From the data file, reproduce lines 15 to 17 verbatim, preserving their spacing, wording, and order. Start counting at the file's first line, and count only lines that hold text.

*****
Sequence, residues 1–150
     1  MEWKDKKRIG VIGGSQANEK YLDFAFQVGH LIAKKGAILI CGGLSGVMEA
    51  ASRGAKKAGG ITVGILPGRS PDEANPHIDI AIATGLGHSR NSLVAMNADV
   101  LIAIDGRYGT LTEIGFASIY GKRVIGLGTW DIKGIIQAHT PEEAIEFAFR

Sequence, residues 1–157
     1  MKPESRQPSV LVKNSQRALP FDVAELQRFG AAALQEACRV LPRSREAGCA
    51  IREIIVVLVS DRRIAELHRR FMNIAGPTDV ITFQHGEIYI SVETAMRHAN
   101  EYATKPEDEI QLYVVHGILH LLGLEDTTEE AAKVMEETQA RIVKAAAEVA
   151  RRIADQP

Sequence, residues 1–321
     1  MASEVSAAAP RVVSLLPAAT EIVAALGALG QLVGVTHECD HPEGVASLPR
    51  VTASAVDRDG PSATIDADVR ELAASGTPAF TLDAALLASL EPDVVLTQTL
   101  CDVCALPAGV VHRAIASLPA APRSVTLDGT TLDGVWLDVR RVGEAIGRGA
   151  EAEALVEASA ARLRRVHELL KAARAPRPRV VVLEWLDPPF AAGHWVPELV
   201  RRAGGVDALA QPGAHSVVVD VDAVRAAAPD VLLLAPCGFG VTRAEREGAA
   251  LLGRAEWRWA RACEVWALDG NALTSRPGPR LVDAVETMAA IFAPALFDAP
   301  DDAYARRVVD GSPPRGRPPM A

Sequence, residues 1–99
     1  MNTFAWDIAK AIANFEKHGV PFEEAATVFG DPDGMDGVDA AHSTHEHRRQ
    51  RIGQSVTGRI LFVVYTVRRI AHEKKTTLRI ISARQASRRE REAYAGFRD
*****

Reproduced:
   201  RRAGGVDALA QPGAHSVVVD VDAVRAAAPD VLLLAPCGFG VTRAEREGAA
   251  LLGRAEWRWA RACEVWALDG NALTSRPGPR LVDAVETMAA IFAPALFDAP
   301  DDAYARRVVD GSPPRGRPPM A